than direct regulation on speech: "The fear of damage awards . . . may be
markedly more inhibiting than the fear of prosecution under a criminal statute."
New York Times Co. v. Sullivan, 376 U.S. 254, 279-280 (1964); see also
Cohen v. Cowles Media Co., 501 U.S. 663, 676 n.4 (1991) (Blackmun, J.,
dissenting) ("[W]e have long held that the imposition of civil liability based on
protected expression constitutes `punishment' of speech for First Amendment


The Supreme Court has long recognized a " `commonsense distinction between
speech proposing a commercial transaction, which occurs in an area
traditionally subject to government regulation, and other varieties of speech.' "
Bolger v. Youngs Drug Prods. Corp., 463 U.S. 60, 65 (1983) (quoting Ohralik
v. Ohio State Bar Ass'n, 436 U.S. 447, 455-56 (1978)). Commercial speech is
accorded a lesser degree of First Amendment protection than other kinds of
speech. For instance, the government may enact contentbased restrictions on
false or misleading commercial messages. See, e.g., Central Hudson Gas &
Elec. Corp. v. Public Serv. Comm'n of N.Y., 447 U.S. 557, 562-63 (1980) ("
[T]here can be no constitutional objection to the suppression of commercial
messages that do not accurately inform the public about lawful activity. The
government may ban forms of communication more likely to deceive the public
than to inform it . . . ."); Virginia State Bd. of Pharmacy v. Virginia Citizens
Consumer Council, Inc., 425 U.S. 748, 771-72 n.24 (1976). In addition, "the
First Amendment does not protect commercial speech about unlawful
activities." 44 Liquormart, Inc. v. Rhode Island, 517 U.S. 484, 497 n.7 (1996);
accord Pittsburgh Press Co. v. Pittsburgh Comm'n on Human Relations, 413
U.S. 376 (1973) (same). Thus, an issue of primary significance here is whether
defendants' speech at the seminars was commercial speech, and if so whether it
was false and misleading, or concerned unlawful activities.


Commercial speech is "broadly defined as expression related to the economic

interests of the speaker and its audience, generally in the form of a commercial
advertisement for the sale of goods and services." U.S. Healthcare, Inc. v. Blue
Cross of Greater Phila., 898 F.2d 914, 933 (3d. Cir. 1990) (citing Bolger, 463
U.S. at 66-67; Central Hudson, 447 U.S. at 561). In deciding whether speech is
commercial, we consider the following factors: "(1) is the speech an
advertisement; (2) does the speech refer to a specific product or service; and (3)
does the speaker have an economic motivation for the speech. An affirmative
answer to all three questions provides `strong support' for the conclusion that

the speech is commercial." U.S. Healthcare, 898 F.2d at 933 (citation omitted).
At the same time, we must be mindful of the "difficulty of drawing bright lines
that will clearly cabin commercial speech in a distinct category." City of
Cincinnati v. Discovery Network, Inc., 507 U.S. 410, 419 (1993). Often, speech
consists of "complex mixtures of commercial and noncommercial elements."
Bolger, 463 U.S. at 81 (Stevens, J., concurring). Where the commercial and
noncommercial elements of speech are "inextricably intertwined," the court
must apply the "test for fully protected expression." Riley v. National Fed'n of
the Blind of N.C., Inc., 487 U.S. 781, 796 (1988).

At this stage in the proceedings, it is difficult to determine precisely what

portion of the seminars, if any, consisted of a sales pitch to the attendees and
what portion was non-commercial medical discussion. The defendants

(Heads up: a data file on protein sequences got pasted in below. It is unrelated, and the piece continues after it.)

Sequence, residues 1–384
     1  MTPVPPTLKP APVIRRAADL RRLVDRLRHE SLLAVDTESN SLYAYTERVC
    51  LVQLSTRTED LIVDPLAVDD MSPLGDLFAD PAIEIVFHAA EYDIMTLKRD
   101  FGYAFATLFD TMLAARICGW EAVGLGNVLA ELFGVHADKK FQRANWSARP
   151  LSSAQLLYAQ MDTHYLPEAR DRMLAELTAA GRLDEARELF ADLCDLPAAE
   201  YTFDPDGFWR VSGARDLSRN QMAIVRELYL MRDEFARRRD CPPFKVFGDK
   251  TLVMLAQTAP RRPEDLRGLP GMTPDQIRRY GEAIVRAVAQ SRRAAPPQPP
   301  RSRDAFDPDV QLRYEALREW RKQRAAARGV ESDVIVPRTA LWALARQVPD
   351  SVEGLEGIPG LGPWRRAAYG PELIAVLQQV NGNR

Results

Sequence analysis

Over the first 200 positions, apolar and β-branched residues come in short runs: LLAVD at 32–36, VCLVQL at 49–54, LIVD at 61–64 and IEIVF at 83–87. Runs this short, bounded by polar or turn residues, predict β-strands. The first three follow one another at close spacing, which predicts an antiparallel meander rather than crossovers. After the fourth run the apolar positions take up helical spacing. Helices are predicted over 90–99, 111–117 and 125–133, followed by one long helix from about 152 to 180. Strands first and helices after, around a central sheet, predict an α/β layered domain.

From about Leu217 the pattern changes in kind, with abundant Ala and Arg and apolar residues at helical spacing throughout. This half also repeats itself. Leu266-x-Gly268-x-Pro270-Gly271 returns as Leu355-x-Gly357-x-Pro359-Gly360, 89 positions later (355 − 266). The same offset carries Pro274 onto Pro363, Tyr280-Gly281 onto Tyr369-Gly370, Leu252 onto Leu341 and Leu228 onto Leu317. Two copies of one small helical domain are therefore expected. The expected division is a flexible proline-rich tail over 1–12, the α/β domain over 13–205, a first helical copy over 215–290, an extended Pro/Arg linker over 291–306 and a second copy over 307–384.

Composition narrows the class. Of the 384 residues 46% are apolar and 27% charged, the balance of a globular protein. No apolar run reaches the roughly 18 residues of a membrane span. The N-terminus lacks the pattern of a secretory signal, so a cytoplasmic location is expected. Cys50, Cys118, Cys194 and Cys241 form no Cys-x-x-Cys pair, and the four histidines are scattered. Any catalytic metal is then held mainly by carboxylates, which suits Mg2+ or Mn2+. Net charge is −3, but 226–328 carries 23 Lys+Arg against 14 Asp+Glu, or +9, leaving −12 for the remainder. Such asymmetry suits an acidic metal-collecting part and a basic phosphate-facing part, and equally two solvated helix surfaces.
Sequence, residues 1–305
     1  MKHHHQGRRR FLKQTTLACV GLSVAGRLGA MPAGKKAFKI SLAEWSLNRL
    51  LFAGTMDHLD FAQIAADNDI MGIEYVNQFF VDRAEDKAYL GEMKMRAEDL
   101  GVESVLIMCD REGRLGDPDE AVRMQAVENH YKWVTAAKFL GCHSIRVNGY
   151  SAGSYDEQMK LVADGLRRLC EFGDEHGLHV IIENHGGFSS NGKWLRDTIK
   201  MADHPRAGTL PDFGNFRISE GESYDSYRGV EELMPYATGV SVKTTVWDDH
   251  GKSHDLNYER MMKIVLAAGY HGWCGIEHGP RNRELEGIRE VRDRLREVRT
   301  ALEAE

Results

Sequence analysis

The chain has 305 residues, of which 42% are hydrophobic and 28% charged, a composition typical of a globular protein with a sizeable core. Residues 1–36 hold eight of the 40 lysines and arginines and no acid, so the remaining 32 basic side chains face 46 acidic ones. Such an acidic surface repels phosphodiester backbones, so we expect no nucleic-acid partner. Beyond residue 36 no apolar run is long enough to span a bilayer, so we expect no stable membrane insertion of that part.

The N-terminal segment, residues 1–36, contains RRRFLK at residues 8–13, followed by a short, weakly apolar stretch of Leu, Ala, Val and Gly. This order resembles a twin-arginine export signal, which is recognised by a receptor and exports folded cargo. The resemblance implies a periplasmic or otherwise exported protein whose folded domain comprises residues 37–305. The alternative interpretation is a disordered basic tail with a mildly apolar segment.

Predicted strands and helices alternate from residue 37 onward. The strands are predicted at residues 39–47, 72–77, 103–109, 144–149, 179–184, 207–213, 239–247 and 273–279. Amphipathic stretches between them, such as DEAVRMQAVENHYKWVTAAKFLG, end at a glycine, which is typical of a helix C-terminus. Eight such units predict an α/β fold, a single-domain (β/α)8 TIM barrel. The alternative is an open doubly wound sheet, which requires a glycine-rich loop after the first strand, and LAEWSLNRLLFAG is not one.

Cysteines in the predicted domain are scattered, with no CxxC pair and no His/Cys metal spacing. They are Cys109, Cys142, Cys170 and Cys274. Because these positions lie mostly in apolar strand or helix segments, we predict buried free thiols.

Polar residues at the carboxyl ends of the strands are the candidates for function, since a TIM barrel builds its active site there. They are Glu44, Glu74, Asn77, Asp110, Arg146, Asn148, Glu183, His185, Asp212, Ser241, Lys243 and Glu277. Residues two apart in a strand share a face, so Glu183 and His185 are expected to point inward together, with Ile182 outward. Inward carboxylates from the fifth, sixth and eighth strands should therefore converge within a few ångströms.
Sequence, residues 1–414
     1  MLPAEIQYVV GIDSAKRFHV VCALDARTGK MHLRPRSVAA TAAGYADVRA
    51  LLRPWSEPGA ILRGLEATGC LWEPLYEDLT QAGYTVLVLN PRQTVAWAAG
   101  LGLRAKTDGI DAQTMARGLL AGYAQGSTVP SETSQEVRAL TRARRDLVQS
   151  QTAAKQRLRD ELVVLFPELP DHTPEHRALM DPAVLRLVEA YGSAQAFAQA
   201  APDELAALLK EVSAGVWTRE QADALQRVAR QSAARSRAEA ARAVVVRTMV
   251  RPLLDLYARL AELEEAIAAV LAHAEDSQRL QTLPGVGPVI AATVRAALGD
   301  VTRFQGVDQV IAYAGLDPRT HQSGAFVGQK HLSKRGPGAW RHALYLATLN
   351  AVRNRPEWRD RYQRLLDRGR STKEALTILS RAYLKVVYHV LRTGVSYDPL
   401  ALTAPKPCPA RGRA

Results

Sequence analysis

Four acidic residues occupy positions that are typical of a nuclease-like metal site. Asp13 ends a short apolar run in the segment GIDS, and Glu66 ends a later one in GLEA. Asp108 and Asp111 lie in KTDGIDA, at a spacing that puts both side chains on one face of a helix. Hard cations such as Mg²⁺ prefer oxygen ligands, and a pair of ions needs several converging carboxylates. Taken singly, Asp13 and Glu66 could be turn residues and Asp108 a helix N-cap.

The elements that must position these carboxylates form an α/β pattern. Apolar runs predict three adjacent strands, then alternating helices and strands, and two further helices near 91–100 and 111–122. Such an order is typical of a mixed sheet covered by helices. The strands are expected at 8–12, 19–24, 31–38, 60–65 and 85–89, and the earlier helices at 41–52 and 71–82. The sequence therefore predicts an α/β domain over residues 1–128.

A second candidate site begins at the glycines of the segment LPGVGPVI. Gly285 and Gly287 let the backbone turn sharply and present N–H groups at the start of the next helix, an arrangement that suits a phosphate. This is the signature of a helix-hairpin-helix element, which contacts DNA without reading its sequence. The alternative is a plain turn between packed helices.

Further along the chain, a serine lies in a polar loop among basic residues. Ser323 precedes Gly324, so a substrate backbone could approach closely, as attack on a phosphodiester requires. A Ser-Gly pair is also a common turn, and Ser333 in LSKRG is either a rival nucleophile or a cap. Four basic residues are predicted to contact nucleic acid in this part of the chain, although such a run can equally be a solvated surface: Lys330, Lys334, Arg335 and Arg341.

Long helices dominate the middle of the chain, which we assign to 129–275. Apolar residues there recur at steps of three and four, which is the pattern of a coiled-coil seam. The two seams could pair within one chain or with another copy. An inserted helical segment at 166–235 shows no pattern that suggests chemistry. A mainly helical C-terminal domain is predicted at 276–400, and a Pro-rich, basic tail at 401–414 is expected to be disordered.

characterize the seminars as teaching events aimed at promoting "continuing
medical education" and accordingly contend that the speech is entitled to the
highest level of First Amendment protection. Plaintiffs, on the other hand, liken
the seminars to medical "Tupperware parties" at which defendants' sole
objective was to generate sales of their products.


We believe there is a sufficient factual dispute about the nature of the seminars
to preclude granting defendants' motion to dismiss on First Amendment
grounds. The amended omni complaints allege, inter alia, that the seminars
were organized by sales representatives employed by the participating
manufacturers; that these representatives invited spinal surgeons to attend and
later followed up with phone calls in an effort to generate sales; that employees
of the manufacturers staffed sales booths and distributed videotapes, product
catalogues, and other literature at the seminars; and that the speakers at the
seminars were doctors and scientists who had entered into lucrative royalty
agreements giving them a direct financial stake in the sales of bone screw
devices. If true, these allegations would provide strong support for
characterizing the seminars as commercial speech.


Defendants argue that even if their speech at the seminars was commercial in
nature (which they deny), it constitutes "truthful, nonmisleading speech about a
lawful product" and therefore is protected. 44 Liquormart, 517 U.S. at 504; see
also Greater New Orleans Broadcasting


Ass'n v. United States, ___ U.S. ___, 119 S. Ct. 1923 (1999) (holding that a
state may not ban nonmisleading advertisements of legal gambling). Plaintiffs
respond that the speech at the seminars was highly misleading and deceptive.
The amended omni complaints allege defendants knowingly withheld material
facts at the seminars and falsely represented to the physicians in attendance that

the devices were safe and effective for use in pedicle screw fixation surgery.


Clearly, there is a considerable and unresolved factual dispute regarding key

elements of the speech at issue. In order to dismiss the claims on First
Amendment grounds, we would have to determine either that defendants'
speech at the seminars was noncommercial in nature, or that it was truthful or
nonmisleading commercial speech concerning a lawful product. In view of our
obligation to accept as true the factual allegations of the nonmoving party, we
are unwilling to do either at this point. Whether the allegations in the omni